The books take one series of events and take two different view points on it. In 1898, in China the Boxer Rebellion started. Some of the Chinese were angry that there were foreigners and missionaries in their country, trying to win converts to Christianity and bringing change to the area (not in always a good way).

In "Boxers", Bao sees a foreign devil (a Catholic priest) smash one of his villages favorite gods. The village rumbles with talk about how this is happening all over the place and just who do these devils think they are?! A mysterious man comes to Bao's village and trains some of the men to fight to defend themselves. He teaches Bao in secret. Soon they become/join "The Brothers of the Harmonious Fist" to go through the Chinese countryside purging it of Christians and foreigners. There's even a "squadron" of all women who eventually start doing the same thing. Then there's a big face off in Peking...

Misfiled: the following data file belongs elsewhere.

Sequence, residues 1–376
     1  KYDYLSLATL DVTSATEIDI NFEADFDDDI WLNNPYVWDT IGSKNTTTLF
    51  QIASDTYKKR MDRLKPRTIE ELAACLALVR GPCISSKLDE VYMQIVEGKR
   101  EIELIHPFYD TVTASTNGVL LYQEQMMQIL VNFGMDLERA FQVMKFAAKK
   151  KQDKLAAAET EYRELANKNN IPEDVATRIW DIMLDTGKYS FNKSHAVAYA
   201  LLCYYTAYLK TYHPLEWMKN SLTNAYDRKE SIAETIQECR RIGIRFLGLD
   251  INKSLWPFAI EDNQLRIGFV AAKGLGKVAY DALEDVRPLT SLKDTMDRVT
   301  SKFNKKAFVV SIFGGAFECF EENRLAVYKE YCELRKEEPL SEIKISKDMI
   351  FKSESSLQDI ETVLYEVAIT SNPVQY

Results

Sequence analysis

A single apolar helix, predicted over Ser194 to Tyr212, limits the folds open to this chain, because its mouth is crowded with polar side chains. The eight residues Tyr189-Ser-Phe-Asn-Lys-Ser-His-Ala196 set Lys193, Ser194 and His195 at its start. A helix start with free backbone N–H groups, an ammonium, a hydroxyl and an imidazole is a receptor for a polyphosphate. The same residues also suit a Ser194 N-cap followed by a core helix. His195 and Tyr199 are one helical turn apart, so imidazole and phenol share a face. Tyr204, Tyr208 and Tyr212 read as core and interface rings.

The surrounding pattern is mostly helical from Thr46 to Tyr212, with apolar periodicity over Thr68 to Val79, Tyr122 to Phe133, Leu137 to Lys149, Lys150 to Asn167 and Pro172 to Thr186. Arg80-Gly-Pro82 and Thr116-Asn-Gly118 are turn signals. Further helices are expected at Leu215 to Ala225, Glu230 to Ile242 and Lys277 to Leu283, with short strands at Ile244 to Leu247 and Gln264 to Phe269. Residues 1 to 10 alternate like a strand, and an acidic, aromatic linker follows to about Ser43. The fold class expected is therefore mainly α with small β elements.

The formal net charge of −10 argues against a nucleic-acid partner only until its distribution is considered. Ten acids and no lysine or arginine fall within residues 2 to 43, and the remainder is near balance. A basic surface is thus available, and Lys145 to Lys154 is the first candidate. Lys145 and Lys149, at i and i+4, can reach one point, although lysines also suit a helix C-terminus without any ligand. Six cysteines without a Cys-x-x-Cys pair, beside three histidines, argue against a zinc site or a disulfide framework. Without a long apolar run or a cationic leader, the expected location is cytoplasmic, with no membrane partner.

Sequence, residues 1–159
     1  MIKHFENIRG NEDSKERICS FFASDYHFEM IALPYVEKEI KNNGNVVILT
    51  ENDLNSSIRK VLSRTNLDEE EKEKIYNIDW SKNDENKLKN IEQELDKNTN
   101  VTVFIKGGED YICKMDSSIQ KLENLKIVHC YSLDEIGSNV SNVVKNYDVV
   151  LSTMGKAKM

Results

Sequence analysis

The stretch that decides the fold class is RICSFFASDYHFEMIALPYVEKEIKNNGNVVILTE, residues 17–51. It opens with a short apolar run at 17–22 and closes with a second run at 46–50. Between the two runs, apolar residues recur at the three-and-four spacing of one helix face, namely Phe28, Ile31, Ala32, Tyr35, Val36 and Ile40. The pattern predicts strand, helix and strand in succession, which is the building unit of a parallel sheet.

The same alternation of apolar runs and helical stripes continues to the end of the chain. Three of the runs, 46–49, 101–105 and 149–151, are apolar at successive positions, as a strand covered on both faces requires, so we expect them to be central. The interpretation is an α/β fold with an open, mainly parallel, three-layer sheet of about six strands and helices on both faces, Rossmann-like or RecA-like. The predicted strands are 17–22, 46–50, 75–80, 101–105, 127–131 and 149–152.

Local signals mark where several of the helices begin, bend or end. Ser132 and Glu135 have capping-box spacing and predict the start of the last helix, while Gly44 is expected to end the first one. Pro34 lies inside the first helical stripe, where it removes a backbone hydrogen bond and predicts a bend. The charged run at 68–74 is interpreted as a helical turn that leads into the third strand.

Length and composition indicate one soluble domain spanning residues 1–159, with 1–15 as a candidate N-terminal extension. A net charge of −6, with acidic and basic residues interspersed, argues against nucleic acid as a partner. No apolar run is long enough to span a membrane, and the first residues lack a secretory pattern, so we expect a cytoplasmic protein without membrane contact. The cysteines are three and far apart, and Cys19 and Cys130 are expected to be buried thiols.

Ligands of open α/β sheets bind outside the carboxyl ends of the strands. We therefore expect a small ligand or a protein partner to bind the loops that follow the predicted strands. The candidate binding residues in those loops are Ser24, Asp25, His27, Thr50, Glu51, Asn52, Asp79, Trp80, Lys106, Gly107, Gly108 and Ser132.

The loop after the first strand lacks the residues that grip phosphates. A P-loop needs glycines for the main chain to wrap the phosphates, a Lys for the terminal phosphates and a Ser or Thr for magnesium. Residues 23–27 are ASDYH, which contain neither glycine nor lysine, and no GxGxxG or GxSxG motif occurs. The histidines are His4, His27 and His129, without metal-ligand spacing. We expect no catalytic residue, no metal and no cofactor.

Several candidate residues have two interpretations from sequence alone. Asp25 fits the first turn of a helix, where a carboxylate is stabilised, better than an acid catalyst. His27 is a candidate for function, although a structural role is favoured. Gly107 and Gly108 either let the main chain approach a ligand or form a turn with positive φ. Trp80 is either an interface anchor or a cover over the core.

In "Saints", our story centers around a girl named Four. She's the unwanted fourth daughter in a family so they don't bother to name her. One day when she is in the woods she sees this mysterious person who looks like they are made out of gold. She goes to the local Catholic priest to ask about it, and soon they kind of bond. As you might guess, she gets more harassment than love at home, so she starts spending some time with a man and woman who are Christians. At first she goes because they give her snacks, but eventually they become like a family to her. She eventually becomes a Christian and is baptized, taking the name Vibiana. The person who appears to her in the woods is Joan of Arc, and sometimes she talks to Vibiana. The two both had to face threats to their nation, but Vibiana is conflicted because, as a Christian, she is technically on the side of the invaders. Vibiana helps orphans and Christians flee to what they think will be the relative safety of Peking....